I attended a GOP Township meeting last night. There were all sorts of elected officials there, and the meeting went about normal business. Our keynote speaker was the chairman of the county GOP. To say that his speech left me puzzled is something of an understatement.
He hammered on how well things went in the county, which is a strong GOP bastion. Of course, patting ourselves on the back for holding our county is a hollow victory when one reflects on the failures of the party statewide. The time for patting ourselves on the back... well it didn't seem like that's appropriate given the overall outcome.
He highlighted some competitive races and how the party learned some valuable lessons:
One of which was that "we" (quotes used to denote that I'm not necessarily thrilled about being part of the we) are losing the middle-class suburban woman to the Demos on the stem-cell issue. I was a little surprised by this comment, which in spirit was a challenge that we need to re-think the issue. His example was that the successful Roskam used a cancer survivor who was treated with adult stem cells in their treatment, to counter Michael J. Fox stumping for Demo Tammy Duckworth.
I not only strenuously object to the Demos politicizing disease as a means to forward an agenda, but recoil in horror that instead of countering such shamelessness with outrage, reason, facts and objectivity, that we instead trot out our own victim. If indeed we're losing voters to the Demos on the stem-cell issue, the voters are wrong. Absolutely, and without qualification, dead wrong. Our duty, then, is to explain how the Demos are wrong on the issue and how we're right on the issue.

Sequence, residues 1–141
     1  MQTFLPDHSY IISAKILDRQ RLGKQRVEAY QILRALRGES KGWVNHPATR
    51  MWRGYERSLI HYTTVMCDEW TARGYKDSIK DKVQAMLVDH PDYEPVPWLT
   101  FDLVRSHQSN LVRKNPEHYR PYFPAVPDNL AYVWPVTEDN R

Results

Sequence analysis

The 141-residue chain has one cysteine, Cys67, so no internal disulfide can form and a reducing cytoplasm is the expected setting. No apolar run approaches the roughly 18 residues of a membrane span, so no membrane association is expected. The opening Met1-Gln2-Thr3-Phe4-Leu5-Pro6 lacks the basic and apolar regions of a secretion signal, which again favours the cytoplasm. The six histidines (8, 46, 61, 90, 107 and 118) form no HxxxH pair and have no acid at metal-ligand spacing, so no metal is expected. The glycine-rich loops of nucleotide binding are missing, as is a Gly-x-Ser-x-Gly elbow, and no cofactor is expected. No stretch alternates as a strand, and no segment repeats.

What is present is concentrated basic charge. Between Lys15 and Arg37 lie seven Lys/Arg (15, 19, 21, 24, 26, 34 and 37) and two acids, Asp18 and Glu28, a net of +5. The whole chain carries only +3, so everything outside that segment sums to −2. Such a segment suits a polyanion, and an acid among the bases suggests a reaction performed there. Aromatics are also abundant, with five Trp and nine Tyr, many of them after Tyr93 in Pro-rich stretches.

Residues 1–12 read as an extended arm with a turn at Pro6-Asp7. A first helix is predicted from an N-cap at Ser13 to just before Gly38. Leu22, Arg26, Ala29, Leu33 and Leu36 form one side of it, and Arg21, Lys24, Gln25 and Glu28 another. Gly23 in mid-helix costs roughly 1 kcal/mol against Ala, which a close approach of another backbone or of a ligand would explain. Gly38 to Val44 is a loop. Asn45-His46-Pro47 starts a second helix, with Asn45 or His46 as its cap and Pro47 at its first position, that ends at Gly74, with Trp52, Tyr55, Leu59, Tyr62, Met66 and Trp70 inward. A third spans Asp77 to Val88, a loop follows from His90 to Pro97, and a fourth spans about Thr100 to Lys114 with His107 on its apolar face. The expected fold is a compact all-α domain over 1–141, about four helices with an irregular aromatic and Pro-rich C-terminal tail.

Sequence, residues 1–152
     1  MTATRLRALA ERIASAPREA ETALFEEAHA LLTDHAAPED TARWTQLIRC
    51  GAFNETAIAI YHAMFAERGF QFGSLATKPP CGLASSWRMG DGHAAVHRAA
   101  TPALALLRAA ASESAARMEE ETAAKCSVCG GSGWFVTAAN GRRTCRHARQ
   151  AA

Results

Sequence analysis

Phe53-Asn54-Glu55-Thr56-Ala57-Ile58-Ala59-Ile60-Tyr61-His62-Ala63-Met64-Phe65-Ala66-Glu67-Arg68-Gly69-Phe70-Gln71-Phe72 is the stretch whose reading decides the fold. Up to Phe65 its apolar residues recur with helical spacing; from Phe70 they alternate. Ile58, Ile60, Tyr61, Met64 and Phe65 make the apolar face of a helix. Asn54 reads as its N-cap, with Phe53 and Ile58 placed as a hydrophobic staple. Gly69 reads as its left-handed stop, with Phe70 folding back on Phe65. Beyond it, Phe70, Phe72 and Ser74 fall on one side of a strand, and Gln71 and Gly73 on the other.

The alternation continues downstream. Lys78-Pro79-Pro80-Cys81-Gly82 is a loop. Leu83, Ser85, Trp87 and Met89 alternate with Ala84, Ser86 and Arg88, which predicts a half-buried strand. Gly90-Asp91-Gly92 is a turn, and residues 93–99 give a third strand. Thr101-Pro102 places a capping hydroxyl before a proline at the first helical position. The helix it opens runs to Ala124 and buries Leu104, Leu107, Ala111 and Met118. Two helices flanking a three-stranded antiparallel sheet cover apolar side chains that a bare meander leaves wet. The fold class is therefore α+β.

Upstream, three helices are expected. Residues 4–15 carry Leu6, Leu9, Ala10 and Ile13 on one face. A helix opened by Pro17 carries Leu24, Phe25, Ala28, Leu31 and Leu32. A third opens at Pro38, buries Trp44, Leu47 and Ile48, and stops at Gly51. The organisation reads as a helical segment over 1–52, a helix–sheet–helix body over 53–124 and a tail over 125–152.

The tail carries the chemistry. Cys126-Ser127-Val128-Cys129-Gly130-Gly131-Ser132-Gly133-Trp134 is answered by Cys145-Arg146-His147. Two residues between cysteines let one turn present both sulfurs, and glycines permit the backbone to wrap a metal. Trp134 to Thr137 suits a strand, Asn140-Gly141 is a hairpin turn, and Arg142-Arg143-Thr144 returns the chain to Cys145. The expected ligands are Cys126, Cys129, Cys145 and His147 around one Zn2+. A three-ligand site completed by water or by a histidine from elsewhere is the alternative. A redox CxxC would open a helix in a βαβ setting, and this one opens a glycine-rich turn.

Secondly, and as big a surprise to me, was the chairman's comments that 80% of the Latino vote went Demo in the election which is something we should be "very concerned about" - and the spirit of his comments again was courting these voters, with respect to immigration reform. I was, once again, speechless. Understanding demographic changes, I acknowledge, is what political candidates, operatives and consultants need to do. I cannot find a single reason, upon near-constant reflection since last night, to violate these principles to sway voters. Either we stand for something or we stand for nothing. We should vehemently explain, clarify, and argue for our positions. But compromise them? Deliberately lie, or worse, do the wrong thing, just to stay in power?
I concluded at the night's end, that there remains an enormous amount of work to be done to further the principles of federalism and return the Republic to the proper balance as the framers intended. I take some comfort that elected officials are merely a reflection of their constituents, and when the electorate changes, so shall the elected.